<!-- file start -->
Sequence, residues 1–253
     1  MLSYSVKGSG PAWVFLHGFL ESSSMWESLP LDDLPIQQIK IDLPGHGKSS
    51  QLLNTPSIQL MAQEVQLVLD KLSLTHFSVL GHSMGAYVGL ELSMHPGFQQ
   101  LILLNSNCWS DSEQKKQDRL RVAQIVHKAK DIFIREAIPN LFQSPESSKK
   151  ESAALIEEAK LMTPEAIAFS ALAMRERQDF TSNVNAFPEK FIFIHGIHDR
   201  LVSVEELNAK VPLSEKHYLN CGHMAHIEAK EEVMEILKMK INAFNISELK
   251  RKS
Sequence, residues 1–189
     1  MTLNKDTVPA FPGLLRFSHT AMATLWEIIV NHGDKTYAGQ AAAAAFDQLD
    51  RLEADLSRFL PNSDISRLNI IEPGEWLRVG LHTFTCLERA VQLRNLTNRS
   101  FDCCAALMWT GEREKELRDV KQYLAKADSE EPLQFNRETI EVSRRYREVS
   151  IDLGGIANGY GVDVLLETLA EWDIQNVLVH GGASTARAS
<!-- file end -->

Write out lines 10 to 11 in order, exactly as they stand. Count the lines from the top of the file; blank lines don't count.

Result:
    51  RLEADLSRFL PNSDISRLNI IEPGEWLRVG LHTFTCLERA VQLRNLTNRS
   101  FDCCAALMWT GEREKELRDV KQYLAKADSE EPLQFNRETI EVSRRYREVS